Last Tuesday, the Broadalbin-Perth Patriots rallied to score a pair of runs in the bottom of the seventh inning to officially pick up a non-league victory over Warrensburg.
However, the teams did not walk off the field, they just kept playing.
Who can blame them, it was a beautifully sunny day and they were playing at Doubleday Field in Cooperstown, a tradition the two teams have shared for more than a decade.
The Broadalbin-Perth and Warrensburg baseball teams pose for a photo after their annual non-league game on May 7 at Doubleday Field in Cooperstown. (The Leader-Herald/James A. Ellis)
"We were very lucky that our old coach, Dave Thompson, started this," Broadalbin-Perth coach Dan Simonds said. "We were scheduled to play Fonda here and they had to drop out. We put it out there on the Section II web site that we were looking for an opponent and Warrensburg called. It has developed into a really nice thing."
Warrensburg coach Rex Reynolds said the game has become a tradition for his players.
"Our kids really look forward to this game," he said. "There is no place to play baseball like Cooperstown. They always keep the fields in wonderful shape. The whole atmosphere here is baseball with all the shops on Main Street and the Hall of Fame of course. We got rained out the first year we came down here and my sons were on the team. One was a junior and the other a senior so they never got to play together on Doubleday Field."
The teams both sponsor fundraisers throughout the year to pay for the use of the field and extras, like the postgame pizza party, to make the day memorable.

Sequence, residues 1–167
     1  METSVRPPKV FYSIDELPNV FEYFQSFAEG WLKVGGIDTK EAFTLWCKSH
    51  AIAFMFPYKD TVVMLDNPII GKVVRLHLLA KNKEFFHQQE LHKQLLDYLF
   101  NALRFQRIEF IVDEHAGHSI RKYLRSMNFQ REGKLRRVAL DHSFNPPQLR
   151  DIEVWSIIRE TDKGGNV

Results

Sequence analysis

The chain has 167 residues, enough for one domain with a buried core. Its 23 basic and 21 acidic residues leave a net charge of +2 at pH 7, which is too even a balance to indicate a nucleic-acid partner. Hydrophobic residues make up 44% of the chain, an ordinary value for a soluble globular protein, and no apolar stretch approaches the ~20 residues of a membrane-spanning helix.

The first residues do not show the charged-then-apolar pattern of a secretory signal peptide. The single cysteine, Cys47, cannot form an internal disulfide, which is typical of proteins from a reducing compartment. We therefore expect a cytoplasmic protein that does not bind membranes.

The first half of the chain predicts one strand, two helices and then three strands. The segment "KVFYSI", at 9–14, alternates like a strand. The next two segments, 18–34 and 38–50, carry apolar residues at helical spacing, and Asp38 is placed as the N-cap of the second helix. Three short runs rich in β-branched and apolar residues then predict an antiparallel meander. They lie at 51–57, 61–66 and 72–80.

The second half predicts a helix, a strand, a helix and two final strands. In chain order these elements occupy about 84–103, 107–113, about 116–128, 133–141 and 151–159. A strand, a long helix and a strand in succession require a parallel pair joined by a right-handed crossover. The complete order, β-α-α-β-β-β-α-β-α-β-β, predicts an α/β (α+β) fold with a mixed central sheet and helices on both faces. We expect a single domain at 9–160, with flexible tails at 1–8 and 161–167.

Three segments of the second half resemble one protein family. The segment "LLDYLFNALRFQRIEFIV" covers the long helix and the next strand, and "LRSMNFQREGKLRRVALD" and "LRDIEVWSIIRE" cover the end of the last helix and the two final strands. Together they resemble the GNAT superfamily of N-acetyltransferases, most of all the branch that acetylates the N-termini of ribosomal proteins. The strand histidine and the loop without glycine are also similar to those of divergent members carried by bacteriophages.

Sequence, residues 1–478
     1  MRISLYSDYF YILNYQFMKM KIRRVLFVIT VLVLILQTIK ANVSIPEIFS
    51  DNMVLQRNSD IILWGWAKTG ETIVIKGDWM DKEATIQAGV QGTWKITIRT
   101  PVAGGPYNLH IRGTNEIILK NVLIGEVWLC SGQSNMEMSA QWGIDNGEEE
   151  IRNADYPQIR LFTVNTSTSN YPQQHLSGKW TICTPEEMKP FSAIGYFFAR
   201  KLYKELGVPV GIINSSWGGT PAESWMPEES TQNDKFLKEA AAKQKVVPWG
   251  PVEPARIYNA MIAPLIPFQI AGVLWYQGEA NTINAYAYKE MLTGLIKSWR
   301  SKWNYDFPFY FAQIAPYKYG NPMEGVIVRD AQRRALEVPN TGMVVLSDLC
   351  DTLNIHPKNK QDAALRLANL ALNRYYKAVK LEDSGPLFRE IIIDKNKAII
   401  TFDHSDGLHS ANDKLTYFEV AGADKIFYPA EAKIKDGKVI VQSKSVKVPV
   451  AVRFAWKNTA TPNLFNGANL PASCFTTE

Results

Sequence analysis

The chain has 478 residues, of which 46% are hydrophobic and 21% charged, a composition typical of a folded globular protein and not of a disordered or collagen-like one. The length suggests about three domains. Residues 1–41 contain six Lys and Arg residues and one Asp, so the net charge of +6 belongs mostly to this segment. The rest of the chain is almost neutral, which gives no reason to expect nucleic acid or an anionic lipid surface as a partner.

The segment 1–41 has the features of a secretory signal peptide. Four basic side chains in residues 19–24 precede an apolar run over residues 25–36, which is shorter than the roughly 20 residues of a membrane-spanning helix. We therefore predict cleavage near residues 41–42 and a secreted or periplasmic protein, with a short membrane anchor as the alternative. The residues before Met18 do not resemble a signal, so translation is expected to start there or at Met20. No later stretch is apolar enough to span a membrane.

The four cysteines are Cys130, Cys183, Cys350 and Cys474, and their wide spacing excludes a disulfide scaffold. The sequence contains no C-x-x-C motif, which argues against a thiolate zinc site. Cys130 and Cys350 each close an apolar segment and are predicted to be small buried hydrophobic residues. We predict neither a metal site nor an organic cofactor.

"We split the cost," Simonds said. "We have fundraisers to pay for the game. They even lowered the cost this year, which helps. I don't know anyplace else that has lowered their prices. We were the only game today but normally they have three games."
The Patriots also used the occasion to honor their graduating senior on the team presenting them with personalized bats made in Cooperstown.
The tradition also included a bat that was to be presented to the winning team, engraved and passed on to the next winner.
"We won it in 2004 and took the bat home, but we haven't seen it since," Reynolds said. "The winner has it engraved. It is a great tradition, and we were keyed up to bring the bat back this year and we almost pulled it off."
The day away also serves to revitalize the teams as they prepare for the rigors of league championship and sectional postseason play.
"We have been struggling the past couple of games to be able to close people out and it showed up again today," Reynolds said. "Take nothing away from these guys [B-P]. We had a game last night and have one tomorrow but to come here and see [Broadalbin-Perth's] pitching and fielding and to hit against their defense makes us strive to be better and it perks us up. They get really pumped up about it. I have to calm them down and remind them we have to win league games to vie for a league championship and get into sectionals. They are stoked about coming down here and are already talking about next year."
For the Patriots, it gave them to shake off shaky back-to-back losses to Johnstown and return home for consecutive Foothills Council victories over Gloversville.